“Have you not then made distinctions among yourselves and become judges with evil thoughts?” (James 2:4)
For the past several years I have worked toward writing my memoirs. I have shared many of them here. Today I would like to share another such memory. When I am done I will invite you to a much-needed conversation.
I was writing of the summer in 1958. My family arrived from Baton Rouge at our annual Camp Meeting. My two brothers and me were playing in an open field across the street from all the church activities. Mom sat on a bench and read while we played. A short time had passed when we noticed a black boy and his little sister were watching. They eased a little closer. We needed a fourth player so one of us asked if he would like to play. The boy, we’ll call him Ben, hopped up off the ground and joined in. We had a great time. His sister sat by herself until Mom invited her to sit with her on the bench.
A short time later we began to notice a black woman hiding and watching from between some cars. When Ben noticed her, he stopped playing and ran to her. Yes, it was his mother. He took her hand, walked her to my Mom and introduced her. The two mothers talked, while we continued to play. Ben’s mother was uncomfortable sitting on the bench with a white woman so she and Mom stood to talk.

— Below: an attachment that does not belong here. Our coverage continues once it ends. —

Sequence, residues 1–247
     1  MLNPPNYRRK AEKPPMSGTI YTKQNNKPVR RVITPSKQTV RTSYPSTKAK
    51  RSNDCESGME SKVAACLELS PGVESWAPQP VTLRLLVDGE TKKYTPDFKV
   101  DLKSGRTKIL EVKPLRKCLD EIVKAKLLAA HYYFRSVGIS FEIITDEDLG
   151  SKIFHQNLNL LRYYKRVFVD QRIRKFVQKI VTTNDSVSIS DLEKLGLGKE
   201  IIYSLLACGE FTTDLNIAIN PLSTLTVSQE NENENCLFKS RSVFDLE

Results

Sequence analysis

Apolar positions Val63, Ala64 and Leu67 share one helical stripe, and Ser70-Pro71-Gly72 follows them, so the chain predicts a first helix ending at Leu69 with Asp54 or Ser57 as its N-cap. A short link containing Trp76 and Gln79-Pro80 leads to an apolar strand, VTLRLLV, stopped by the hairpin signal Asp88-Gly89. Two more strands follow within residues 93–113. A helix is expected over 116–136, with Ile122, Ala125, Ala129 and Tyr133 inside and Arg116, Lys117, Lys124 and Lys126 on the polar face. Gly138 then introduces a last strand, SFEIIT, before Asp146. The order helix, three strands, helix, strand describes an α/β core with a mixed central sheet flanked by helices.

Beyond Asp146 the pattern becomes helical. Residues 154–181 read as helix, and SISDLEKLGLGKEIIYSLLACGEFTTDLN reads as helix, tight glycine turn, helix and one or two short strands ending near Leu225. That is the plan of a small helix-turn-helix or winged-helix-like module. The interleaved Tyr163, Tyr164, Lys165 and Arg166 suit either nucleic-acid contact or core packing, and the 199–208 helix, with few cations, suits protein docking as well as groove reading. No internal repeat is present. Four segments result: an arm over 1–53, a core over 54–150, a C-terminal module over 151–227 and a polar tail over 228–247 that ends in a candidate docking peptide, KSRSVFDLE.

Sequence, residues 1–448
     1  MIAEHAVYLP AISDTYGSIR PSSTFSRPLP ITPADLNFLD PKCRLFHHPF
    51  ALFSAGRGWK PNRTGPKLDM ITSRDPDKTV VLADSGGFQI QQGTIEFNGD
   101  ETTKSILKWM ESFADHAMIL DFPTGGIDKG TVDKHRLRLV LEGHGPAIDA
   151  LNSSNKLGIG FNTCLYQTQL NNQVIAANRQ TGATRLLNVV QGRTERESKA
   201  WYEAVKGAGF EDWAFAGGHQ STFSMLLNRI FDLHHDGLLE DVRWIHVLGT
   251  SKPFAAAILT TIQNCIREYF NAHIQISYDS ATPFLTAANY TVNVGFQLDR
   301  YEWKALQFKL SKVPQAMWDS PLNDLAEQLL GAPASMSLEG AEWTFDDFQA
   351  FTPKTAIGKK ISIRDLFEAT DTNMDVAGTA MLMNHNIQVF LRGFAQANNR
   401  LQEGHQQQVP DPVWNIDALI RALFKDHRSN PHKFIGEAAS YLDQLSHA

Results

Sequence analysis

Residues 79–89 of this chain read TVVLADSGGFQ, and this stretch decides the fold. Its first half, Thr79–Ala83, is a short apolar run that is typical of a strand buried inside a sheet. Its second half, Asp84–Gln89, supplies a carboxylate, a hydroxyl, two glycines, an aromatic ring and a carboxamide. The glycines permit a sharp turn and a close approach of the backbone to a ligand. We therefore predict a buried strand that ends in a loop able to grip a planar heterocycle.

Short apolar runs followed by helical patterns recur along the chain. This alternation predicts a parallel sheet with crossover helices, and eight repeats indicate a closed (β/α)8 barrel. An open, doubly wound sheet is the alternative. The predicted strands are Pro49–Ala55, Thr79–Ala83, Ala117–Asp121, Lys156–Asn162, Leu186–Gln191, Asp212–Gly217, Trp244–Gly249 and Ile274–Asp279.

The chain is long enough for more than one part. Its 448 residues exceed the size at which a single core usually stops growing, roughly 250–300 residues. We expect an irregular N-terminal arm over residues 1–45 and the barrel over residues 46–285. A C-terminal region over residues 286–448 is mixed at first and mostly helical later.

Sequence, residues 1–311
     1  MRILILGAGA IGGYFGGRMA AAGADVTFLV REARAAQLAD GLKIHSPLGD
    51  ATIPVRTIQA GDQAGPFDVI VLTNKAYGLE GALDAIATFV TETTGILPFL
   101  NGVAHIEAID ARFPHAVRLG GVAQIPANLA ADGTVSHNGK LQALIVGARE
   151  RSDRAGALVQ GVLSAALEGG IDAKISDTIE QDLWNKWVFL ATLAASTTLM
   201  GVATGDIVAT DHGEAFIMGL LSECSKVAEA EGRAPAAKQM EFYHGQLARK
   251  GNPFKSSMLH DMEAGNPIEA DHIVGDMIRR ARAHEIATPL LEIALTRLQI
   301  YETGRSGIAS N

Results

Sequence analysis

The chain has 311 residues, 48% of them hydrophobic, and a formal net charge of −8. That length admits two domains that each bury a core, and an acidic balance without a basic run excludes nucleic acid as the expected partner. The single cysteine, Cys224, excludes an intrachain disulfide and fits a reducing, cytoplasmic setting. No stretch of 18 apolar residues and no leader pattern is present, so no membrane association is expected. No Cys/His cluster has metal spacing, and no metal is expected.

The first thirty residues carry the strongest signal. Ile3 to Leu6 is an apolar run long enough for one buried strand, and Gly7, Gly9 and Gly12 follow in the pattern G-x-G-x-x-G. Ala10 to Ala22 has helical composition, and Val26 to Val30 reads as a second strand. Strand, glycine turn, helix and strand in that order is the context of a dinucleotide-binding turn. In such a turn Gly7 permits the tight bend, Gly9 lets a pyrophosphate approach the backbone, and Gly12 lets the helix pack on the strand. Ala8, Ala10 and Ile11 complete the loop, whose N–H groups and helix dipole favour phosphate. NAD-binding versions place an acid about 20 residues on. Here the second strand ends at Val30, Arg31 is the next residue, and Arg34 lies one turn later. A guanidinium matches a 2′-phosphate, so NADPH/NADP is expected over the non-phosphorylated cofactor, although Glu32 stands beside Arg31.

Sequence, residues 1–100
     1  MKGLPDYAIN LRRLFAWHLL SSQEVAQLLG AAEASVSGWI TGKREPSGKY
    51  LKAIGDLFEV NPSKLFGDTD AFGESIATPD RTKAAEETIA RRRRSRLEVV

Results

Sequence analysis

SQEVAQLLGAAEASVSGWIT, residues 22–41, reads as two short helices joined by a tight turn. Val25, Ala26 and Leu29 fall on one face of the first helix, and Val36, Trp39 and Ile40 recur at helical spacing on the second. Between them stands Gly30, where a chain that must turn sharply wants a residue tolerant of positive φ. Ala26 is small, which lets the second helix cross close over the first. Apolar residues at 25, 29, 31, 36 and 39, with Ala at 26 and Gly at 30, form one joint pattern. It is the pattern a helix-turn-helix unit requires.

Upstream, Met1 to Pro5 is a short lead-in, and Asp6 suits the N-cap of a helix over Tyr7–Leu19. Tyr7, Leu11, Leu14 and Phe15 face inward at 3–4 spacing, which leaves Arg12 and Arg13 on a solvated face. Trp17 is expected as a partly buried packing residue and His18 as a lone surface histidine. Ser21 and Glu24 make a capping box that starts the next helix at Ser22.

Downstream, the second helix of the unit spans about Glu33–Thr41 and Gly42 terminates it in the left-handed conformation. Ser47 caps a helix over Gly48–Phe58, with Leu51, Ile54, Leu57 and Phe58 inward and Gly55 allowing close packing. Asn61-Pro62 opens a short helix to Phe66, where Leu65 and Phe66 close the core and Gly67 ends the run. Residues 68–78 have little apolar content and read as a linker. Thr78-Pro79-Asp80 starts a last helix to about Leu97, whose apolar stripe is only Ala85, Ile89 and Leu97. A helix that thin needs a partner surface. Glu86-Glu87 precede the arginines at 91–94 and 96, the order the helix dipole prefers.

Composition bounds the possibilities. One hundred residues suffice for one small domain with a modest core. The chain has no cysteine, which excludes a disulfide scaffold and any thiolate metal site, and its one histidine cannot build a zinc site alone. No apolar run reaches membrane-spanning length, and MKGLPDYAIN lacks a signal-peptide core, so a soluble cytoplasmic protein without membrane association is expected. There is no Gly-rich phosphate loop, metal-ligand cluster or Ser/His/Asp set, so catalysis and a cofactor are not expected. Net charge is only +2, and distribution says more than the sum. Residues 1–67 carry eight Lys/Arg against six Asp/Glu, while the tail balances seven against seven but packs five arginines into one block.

Having a lot of fun, time flew, and lunchtime arrived. My parents were forever packing a picnic lunch, usually fried chicken and pimento cheese sandwiches. Mom invited Ben’s entire family to stay and eat lunch with us. His mother was reluctant at first but, after my mom assured her we had plenty, she gave in and joined us. We enjoyed our picnic but could only wonder why Ben’s mother was was constantly looking around while we ate. She seemed nervous and to be watching for someone.
After lunch, Ben and his family left and we never saw them again. We looked for them so we could play during the week, but never found them. We assumed they went home. Whenever I go to Anderson University, my alma mater, I think of this moment.